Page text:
Truth is like water. You can try to dam it, block it, plug it and obstruct it, but it never stops trying to run free.
And thank goodness for that.
Last week, after months of stubborn denial, the truth leaked from the lips of Secretary of State Colin Powell. He conceded, openly and in public, that he has seen no concrete evidence of a link between Saddam Hussein and al-Qaida.
"But I think the possibility of a link did exist," Powell said, "and it was prudent to consider them at the time that we did."
That is stunning. A year ago, during the run-up to the invasion of Iraq, Powell and others claimed such ironclad evidence of a Saddam-al-Qaida link that it made military action mandatory. War, we were told, had been forced upon us.
"Iraqi officials deny accusations of ties with al-Qaida," Powell told the United Nations. "Those denials are simply not credible."
In that same presentation, of course, Powell also claimed clear and conclusive evidence that Iraq possessed vast stores of weapons of mass destruction in violation of U.N. resolutions. "Our conservative estimate is that Iraq today has a stockpile of between 100 and 500 tons of chemical weapons agent," Powell told the world, outlining just part of the alleged Iraqi inventory of WMD.
Well, that may have been an estimate by conservatives. But it was not by any means a conservative estimate because none of the material existed. None. Not so much as a vial.
Today, our 1,400-member WMD search team is being dismantled and assigned to other tasks. The head of the WMD team, David Kay, is reportedly about to resign and return home. The postwar evidence is overwhelming that Iraq did not possess WMD and had not for years; it did not even possess programs to produce WMD.
A dwindling few, of course, still try to deny that reality. But to borrow from Powell, "those denials are simply not credible."
In one sense, nothing is changed by the prewar justification being false. We have invaded Iraq and assumed responsibility for its future; regardless of how we got there, we must make every effort to create a stable, humane government in that country before leaving. The task will be difficult, expensive and lengthy, and it will exact a continuing toll in the lives of our best and bravest. But it must be done.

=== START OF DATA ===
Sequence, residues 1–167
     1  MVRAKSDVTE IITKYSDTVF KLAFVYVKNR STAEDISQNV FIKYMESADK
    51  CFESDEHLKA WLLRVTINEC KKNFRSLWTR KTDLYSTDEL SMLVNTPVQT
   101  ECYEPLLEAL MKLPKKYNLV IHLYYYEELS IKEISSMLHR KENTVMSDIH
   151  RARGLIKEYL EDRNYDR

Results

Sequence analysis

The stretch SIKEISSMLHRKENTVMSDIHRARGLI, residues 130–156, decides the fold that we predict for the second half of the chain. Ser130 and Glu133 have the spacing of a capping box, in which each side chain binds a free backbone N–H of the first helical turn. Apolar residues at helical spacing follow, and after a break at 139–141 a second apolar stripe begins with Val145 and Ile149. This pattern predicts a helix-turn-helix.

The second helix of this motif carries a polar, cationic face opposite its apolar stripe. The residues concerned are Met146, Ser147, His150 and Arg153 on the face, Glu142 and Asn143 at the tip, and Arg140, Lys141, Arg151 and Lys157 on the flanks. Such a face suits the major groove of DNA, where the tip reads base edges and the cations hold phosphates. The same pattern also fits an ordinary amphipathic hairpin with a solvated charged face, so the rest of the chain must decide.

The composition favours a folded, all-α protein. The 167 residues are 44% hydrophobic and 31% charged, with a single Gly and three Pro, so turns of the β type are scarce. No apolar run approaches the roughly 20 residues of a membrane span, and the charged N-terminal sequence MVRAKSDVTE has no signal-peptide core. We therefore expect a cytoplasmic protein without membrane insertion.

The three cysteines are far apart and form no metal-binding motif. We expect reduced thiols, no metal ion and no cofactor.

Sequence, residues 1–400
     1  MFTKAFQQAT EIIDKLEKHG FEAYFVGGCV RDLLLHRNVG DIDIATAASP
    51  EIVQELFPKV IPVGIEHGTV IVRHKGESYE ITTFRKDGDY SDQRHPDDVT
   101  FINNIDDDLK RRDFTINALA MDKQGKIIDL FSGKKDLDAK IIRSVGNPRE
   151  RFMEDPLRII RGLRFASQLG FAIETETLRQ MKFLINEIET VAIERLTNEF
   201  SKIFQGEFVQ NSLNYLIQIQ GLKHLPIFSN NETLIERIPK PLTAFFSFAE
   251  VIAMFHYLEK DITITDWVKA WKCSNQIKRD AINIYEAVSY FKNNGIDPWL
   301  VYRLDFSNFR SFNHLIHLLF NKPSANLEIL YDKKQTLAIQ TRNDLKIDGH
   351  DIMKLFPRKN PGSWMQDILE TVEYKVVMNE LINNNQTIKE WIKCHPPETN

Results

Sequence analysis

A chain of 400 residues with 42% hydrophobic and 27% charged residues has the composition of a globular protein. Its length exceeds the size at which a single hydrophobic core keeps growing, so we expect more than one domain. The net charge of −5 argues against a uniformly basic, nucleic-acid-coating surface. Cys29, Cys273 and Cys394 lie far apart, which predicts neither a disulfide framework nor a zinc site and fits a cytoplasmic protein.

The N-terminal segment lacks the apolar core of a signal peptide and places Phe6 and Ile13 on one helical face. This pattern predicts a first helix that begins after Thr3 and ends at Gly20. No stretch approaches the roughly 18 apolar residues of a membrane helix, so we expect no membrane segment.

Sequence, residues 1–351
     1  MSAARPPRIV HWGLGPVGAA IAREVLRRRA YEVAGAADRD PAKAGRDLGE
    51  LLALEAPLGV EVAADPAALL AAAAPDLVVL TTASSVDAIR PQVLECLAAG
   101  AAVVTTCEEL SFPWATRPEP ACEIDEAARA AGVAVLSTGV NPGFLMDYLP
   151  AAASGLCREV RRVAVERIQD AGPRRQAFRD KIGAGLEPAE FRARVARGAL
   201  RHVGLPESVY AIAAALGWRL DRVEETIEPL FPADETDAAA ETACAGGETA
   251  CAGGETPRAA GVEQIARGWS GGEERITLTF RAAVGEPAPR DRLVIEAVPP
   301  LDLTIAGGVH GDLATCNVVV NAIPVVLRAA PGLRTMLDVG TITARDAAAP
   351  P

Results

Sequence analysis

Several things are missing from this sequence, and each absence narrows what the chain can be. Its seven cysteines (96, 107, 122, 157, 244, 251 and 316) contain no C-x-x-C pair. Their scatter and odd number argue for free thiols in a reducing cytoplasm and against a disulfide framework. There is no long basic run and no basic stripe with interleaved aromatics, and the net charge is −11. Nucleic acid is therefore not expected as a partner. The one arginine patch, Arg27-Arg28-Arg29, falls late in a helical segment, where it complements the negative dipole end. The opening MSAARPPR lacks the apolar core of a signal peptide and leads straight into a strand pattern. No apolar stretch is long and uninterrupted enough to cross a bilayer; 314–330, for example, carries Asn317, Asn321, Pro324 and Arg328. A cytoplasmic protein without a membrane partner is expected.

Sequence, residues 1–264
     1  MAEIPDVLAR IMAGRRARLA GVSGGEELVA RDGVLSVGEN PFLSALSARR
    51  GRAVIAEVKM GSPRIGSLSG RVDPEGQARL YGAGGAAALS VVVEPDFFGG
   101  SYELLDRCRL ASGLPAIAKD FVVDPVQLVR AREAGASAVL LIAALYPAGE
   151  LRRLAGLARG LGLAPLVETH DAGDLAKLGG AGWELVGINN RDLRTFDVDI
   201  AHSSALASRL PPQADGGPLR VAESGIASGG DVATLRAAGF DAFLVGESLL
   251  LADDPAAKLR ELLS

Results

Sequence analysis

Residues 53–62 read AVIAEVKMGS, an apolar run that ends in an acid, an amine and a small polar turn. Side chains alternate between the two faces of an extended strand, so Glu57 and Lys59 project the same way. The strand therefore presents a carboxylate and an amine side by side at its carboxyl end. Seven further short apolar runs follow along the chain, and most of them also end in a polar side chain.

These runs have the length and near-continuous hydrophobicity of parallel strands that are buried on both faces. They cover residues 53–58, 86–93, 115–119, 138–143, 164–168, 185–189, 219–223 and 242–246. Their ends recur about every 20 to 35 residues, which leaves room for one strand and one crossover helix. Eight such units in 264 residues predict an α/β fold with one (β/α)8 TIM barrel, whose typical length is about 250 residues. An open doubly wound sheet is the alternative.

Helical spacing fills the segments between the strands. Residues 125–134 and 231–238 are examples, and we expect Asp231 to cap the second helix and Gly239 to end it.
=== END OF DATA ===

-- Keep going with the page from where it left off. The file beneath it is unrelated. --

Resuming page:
In another sense, though, it matters a great deal. A nation that holds itself up to the world as the exemplar of representative democracy cannot blithely ignore the fact that its elected representatives were led into war under false pretenses.
In October 2002, there was no way on earth that Congress would have voted to authorize war had it known the truth. "The possibility of a link" between Iraq and al-Qaida would not have been considered sufficient cause for invasion. Nor would Congress have voted to spend hundreds of billions of dollars and the lives of 500 American soldiers and counting because Iraq possessed the intention to someday create programs that might someday in the future be used to create weapons of mass destruction.
In fact, as I recall, those who had dared to suggest that there must be some other reason for the war, because this talk of Iraqi WMD and alleged ties to al-Qaida made no sense, were accused of spouting wild theories unsupported by fact. As it turns out, the wild theories unsupported by fact were coming from the most powerful people in the U.S. government.
Do we not care how this happened? Are Americans not curious to know how much of this was an honest mistake, and how much of it was official deception? To ignore such questions -- to leave undisturbed the intelligence systems and personnel that created the problem -- is to increase the likelihood of being deceived again in the future.
It is time, past time, to put this controversy behind us and move on. But that won't be possible until we acknowledge the truth and deal with its consequences. The first half of that task -- acknowledging the truth -- is all but accomplished. Now, what will its consequence be?
Jay Bookman is the deputy editorial page editor.
© 2004 The Atlanta Journal-Constitution